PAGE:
My farrier, who is amazing, believes that the gaited horse's hoof should be trimmed to fit the foot, not the shoe. So, my TWH goes in a regular shoe (just like my quarter horses) with a trim to match her leg and foot angles. She can do 7.3 MPH at a running walk on gravel....even faster and smoother on a dirt trail but I haven't clocked that. So, I vote for simple shoeing instead of anything else with weighted shoes or longer toes or whatever. Your friend's horse will still gait with 'natural feet' if it's a natural gait vs a mechanically-induced gait. Caution, though - those show muscles are different from trail muscles...and it will take time to loosen the first and strengthen the latter. Her horse might take a spell where it wants to pace instead of running walk, because it's easier for some horses, so make sure she knows if she starts to shift from side to side in the saddle, to make sure the horse isn't pacing. Have her slow down and start over to build speed. Have fun!
|Darrin ||01-02-2012 01:05 AM |
Just a suggestion, your friend should take some lessons from a TWH trainer. It will help her learn what a gait should feel like and just how to get him to gait properly.
|Ladytrails ||01-02-2012 01:53 AM |
Excellent advice, Darrin!
|danastark ||01-02-2012 02:12 AM |
Yes, we've found a trainer in our area and she's planning on doing that so she doesn't "mess him up." My horse hears him coming and thinks he hears another horse cantering! He's finally catching on to what Wesley sounds like when he's gaiting :)
|Rascaholic ||01-03-2012 02:07 AM |
Please have your friend be careful in her choice of trainer. When talking about TWH and training there are soooo many different "methods" of training. Talk with the trainer first, before they even touch this horse. Ask to watch a training session of someone elses horse. Ask if a drop in visit is okay before a contract is signed.
I know drop ins aren't welcome at a lot of trainers, and I get the logistics of it. But I'd want to at least ask.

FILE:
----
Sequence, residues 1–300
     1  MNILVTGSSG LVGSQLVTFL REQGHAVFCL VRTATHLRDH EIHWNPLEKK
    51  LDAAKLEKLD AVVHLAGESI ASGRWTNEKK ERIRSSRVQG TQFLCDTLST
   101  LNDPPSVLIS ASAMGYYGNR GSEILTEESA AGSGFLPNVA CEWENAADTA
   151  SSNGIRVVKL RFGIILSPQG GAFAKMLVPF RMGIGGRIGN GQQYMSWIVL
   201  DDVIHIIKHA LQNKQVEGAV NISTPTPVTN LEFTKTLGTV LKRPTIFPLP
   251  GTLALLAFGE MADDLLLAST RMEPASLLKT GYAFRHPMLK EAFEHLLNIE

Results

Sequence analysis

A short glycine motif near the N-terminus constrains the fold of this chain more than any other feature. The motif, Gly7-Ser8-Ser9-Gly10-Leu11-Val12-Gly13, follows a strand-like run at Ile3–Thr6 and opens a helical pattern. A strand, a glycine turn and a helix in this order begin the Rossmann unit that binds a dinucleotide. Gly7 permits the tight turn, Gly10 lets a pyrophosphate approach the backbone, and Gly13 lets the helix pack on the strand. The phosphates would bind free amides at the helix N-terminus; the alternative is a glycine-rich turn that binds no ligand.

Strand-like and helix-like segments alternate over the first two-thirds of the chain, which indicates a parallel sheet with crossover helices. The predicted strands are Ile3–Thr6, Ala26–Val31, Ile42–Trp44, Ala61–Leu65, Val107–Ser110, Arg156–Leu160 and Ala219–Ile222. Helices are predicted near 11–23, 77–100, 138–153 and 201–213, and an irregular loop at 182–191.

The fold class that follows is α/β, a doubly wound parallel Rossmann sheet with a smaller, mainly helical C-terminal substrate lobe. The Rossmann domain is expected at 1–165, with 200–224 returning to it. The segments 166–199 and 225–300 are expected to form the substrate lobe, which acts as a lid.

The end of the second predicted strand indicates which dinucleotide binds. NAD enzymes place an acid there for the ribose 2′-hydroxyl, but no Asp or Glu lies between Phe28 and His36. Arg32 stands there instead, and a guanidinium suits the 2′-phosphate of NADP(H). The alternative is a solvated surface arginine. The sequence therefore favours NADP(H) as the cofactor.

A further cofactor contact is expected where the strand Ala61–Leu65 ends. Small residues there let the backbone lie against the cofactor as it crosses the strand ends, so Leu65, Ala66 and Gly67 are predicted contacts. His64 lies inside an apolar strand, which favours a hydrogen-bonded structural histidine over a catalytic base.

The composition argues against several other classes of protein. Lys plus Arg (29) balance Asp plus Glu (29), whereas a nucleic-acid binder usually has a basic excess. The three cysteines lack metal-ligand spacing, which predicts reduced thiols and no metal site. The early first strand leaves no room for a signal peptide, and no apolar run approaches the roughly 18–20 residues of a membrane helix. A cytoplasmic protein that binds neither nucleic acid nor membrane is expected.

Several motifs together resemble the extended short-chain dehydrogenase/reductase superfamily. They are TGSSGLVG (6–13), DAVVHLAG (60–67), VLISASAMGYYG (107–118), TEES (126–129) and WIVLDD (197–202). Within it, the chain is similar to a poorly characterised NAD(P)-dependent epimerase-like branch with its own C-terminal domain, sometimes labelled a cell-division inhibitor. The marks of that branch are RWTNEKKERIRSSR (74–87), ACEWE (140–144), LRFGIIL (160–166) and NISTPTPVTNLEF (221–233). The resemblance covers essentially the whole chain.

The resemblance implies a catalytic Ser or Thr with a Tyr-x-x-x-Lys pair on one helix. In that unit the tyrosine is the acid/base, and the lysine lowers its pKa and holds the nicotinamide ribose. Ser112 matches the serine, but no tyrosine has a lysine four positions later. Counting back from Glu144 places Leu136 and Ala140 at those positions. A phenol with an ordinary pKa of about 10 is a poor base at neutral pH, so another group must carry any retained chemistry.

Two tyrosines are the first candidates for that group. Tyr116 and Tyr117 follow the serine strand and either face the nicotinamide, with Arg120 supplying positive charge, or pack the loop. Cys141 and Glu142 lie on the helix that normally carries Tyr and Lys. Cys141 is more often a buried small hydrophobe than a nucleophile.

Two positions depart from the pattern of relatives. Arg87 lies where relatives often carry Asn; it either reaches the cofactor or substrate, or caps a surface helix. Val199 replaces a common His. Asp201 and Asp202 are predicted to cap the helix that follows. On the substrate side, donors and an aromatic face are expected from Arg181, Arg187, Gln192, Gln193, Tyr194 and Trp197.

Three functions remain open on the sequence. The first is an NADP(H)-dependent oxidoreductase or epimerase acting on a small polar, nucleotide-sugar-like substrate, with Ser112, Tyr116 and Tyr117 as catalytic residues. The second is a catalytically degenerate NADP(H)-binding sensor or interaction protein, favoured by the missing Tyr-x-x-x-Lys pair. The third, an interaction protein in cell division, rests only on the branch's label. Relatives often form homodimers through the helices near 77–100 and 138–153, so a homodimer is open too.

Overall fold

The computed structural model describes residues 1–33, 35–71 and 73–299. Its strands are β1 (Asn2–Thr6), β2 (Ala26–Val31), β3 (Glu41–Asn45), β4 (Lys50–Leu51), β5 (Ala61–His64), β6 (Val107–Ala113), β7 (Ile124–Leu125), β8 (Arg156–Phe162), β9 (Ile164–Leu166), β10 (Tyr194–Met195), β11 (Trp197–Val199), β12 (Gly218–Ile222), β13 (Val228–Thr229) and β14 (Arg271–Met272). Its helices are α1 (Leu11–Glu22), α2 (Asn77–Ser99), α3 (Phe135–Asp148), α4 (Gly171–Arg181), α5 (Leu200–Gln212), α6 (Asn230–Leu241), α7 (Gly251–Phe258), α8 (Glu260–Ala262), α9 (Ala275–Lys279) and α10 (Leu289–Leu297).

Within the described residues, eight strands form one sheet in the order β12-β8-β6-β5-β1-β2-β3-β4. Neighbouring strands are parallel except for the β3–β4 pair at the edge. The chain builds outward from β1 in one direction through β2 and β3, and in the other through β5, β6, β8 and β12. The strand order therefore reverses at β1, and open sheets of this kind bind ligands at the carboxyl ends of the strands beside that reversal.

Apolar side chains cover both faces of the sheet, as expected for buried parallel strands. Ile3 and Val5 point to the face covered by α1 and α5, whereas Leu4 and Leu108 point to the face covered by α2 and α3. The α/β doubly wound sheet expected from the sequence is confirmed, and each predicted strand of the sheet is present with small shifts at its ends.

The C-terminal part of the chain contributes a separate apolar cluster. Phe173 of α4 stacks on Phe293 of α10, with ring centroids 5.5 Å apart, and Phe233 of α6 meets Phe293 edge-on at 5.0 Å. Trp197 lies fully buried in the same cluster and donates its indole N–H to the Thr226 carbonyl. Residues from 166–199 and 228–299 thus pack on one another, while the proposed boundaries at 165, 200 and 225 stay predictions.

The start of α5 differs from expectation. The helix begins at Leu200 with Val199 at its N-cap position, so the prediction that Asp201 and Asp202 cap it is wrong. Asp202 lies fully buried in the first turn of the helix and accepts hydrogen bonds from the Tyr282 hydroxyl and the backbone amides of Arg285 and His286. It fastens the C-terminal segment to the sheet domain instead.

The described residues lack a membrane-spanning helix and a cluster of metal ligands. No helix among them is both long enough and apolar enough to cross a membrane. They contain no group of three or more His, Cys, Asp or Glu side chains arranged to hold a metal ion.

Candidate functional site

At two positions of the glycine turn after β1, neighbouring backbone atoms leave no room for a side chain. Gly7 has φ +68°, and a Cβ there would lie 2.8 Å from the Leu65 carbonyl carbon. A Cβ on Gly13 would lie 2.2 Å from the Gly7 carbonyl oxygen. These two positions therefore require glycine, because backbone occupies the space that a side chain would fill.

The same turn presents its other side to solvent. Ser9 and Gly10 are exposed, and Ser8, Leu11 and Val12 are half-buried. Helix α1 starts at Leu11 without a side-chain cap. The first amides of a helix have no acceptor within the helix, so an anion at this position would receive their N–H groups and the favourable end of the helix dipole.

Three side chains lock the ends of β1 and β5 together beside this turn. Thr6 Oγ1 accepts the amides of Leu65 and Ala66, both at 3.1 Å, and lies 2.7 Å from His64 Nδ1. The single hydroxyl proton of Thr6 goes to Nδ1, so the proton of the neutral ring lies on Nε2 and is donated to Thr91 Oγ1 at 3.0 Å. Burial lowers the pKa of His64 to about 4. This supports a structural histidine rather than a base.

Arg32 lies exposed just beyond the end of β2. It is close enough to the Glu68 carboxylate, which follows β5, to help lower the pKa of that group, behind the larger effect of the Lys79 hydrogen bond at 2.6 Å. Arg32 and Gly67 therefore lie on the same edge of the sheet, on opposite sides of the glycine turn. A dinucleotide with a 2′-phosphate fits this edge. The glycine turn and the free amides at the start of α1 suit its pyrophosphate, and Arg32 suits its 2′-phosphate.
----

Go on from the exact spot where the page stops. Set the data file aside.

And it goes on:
My personal opinion, so many lovely Walkers are ruined, broken, and crippled by certain types of training methods that I would be extra cautious in the choosing of a trainer. Please tell your friend there is a whole internet out there, do her research on methods, and results, of her trainers chosen training methods.
*Goes to look in on her pasture puff TWH* I love my boy :)
p.s. Shoes are very different for showing versus trails. Shoe the horse for the job he is doing, not his past life.
|kstinson ||01-03-2012 12:41 PM |
Up here, our show horses wear plain old trail shoes or are barefoot. I have learned that TWH having a longer toe is beneficial for support on the back end and they do have a different process than say a QH, but in doing that you also need to have proper shoes to compensate for the angle of the hoof as well (as far as I have learned anyways). But we have had them done by a QH farrier for the past few years with no issues and they still walk and gait.
As for him tripping on the trails, a true walking horse can and will do that as they drag their back toes when gaiting, so if they are too long they can easily be caught on a mound or anything that sticks up... At a clinic last year Barbra Civils had said although TWH are fabulous trail horses, a fox trotty or step pacey TWH is likely a bit better on the trails specifically as they pick their feet up higher and that often results in tripping less. That being said, our TWH show horses are our trail horses and they are quite sure footed and gait all the time...they do trip occassionally though if they need their feet done.